If you’re working with a coeditor, make sure to define your responsibilities from the beginning. Sometimes a senior coeditor will ask a junior coeditor to handle a lot of the practicalities, but generally it’s fairest to split the tasks equally.
Planning the volume
If you’re editing a reference work or textbook, you will need to brief each contributor clearly on what they need to cover in their chapters; if you’re editing conference proceedings, you’ll need to select those of the best quality, which will hang together around a clear theme or approach.
It’s a good idea to have at least some of the authors signed up before you approach a publisher in order to show who is involved and also that the project is well organized. However, in the case of a reference work or textbook, you may submit a wish list of a few options for each chapter, in case your first choice is not available. You’ll need chapter abstracts as part of the proposal, and it’s a good idea to get these confirmed with the contributors as they’re signed up, so they have a clear brief.
Finding a publisher
In the case of a reference work or textbook, the publisher may approach a volume editor, or if you see a gap in the market, you can approach them yourself. If you’re editing a conference volume or Festschrift, check which publishers actually accept these and make sure there is a clear selling point beyond the connection to the event or person.
Your publisher will also be looking for a good mix of authors: a 50-50 gender split unless absolutely unavoidable, contributors from different countries or continents whenever possible, and ideally a mix of well-established and up-and-coming names.
Ensure your contributors know their deadline. Allow plenty of time for you to go back to them with edits or queries, and then for you to prepare the final manuscript for the publisher.
Set a word count for each essay and be prepared to enforce it.
Send the contributors the publisher’s style sheet so they are as consistent as possible, which saves editing time.
Keep in touch with your contributors at regular intervals during the preparation process and let them know about key dates and expectations.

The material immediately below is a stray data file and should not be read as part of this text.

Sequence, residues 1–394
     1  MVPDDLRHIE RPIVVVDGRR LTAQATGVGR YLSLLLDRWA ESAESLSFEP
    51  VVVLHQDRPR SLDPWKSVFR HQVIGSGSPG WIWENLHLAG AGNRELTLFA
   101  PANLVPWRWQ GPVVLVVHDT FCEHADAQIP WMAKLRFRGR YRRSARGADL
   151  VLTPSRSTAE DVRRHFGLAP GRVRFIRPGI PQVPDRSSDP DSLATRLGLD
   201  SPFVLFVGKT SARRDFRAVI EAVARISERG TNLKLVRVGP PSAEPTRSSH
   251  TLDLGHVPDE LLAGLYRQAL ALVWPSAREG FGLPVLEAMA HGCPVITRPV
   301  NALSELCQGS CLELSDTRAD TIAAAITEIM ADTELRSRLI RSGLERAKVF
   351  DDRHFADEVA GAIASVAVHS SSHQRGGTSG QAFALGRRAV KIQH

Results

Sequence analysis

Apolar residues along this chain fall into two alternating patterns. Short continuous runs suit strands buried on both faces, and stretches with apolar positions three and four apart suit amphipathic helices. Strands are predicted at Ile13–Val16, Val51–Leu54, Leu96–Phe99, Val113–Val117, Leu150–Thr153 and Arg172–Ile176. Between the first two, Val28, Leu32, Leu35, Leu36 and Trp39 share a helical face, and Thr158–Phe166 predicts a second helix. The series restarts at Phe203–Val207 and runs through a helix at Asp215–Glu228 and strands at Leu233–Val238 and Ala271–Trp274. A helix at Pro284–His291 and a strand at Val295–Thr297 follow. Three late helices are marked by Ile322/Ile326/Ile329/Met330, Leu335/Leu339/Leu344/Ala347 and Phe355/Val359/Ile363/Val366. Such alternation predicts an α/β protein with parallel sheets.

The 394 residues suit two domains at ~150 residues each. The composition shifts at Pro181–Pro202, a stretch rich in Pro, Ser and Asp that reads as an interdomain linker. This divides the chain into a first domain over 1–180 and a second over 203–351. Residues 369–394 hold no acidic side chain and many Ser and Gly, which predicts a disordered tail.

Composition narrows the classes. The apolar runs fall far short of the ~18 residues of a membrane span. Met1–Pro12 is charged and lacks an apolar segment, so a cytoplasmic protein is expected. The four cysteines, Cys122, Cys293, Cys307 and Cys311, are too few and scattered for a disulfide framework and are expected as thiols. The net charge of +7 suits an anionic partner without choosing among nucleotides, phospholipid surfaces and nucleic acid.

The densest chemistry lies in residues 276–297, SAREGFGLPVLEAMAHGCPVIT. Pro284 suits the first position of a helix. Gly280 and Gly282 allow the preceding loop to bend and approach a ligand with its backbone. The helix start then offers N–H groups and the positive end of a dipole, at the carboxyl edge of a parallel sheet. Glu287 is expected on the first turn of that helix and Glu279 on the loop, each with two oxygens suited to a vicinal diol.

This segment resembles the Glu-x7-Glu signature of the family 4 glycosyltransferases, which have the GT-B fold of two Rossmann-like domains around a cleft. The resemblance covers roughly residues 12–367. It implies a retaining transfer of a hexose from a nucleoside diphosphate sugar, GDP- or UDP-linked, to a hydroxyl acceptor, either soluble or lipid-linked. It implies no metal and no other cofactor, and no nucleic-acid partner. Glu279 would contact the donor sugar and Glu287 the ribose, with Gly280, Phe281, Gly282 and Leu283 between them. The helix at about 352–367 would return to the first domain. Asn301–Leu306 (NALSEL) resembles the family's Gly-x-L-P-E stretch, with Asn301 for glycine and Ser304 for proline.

This might be the first time you have formally given feedback on writing by your peers, or those more senior to you, or those in other fields. Don’t lose confidence.
Make sure your contributors understand that their essay, as edited by you, is considered final and when they see proofs they will not be able to add, delete, or rephrase material (unless, of course, there are errors introduced during production).
Always send the contributor a copy of the final edited version so that they agree to any changes before they see the proof. Make sure they have supplied complete references and have checked their sources and quotations.
Preparing the manuscript
Making the style consistent with the publisher’s requirements and merging the contributors’ different bibliographies can be a very big job. You might consider hiring a professional editor to help with this aspect, so you can focus on the quality and coherence of the essays, and writing the introduction.
Take a look at Flatpage’s team of experienced editors and let them handle these details. One less thing to worry about!
Acting as the publisher’s contact during the production/publication process
Depending on your publisher’s workflows, you may be asked to handle queries on the contributors’ behalf during the editing and production processes, and/or to collate the contributors’ proof corrections. Make sure you keep your publisher updated on the contributors’ current availability and contact details until publication, when they’re sent their free copies.
Then all that is left to do is to organize a celebratory get-together with all the authors for publication day!
About the author
Former Cambridge University Press acquisitions and desk editor and Flatpage team member Dr. Maartje Scheltens has seen the good, the bad, and the ugly in book proposals. She knows the publishing process inside out and understands exactly what your academic publisher is looking for.